For those looking to get started right away, the APA and the American Telemedicine Association co-published a guide for doing so, which can be accessed here: Best Practices in Videoconferencing-Based Telemental Health.

Getting Started: Technical Specifications

Telemedicine is the use of live videoconferencing to facilitate a patient encounter. For Medicare, Medicaid, and most private insurers, this does not include telephone alone; an encounter must be live video and audio paired together.

For the duration of this emergency declaration, HHS has indicated that it will waive HIPAA penalties for using non-HIPAA compliant videoconferencing software, allowing for popular solutions, such as Skype (basic) and FaceTime to be used to conduct telehealth sessions via video. The Office of Civil Rights has also released further guidance about this.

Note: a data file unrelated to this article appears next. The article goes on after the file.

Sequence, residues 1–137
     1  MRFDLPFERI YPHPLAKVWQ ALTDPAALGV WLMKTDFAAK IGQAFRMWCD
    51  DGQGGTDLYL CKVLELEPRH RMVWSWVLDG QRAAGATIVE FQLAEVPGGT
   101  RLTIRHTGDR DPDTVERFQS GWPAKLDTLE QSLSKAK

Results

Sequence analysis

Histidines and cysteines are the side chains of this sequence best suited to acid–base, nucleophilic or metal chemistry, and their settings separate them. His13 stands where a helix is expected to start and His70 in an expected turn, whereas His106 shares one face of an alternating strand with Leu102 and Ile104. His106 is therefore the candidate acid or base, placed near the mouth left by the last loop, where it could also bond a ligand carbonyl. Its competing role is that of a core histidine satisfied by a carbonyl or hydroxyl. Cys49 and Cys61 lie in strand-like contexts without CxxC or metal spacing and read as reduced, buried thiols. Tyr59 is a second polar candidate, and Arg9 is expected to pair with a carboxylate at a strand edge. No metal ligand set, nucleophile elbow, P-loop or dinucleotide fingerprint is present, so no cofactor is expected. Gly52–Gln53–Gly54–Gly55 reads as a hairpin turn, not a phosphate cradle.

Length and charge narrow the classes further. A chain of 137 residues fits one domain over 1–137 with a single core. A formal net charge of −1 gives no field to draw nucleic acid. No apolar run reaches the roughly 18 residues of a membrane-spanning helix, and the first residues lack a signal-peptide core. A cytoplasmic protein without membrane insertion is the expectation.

If you are concerned about being HIPAA compliant and are seeking a more permanent telehealth solution, note that you will need to sign a Business Associate Agreement (BAA) with any software company you partner with. Not all videoconferencing companies will do so (for instance Apple's FaceTime will not, and thus is not HIPAA-compliant for the long-term). Based on anecdotal member feedback provided to the APA, members have signed BAA's with, and are using Zoom for Healthcare, MegaMeeting Telemedicine, VSee, and doxy.me. Again, while APA is not endorsing nor explicitly recommending these solutions for your practice, they are a good place to start when researching what will work for your own practice needs.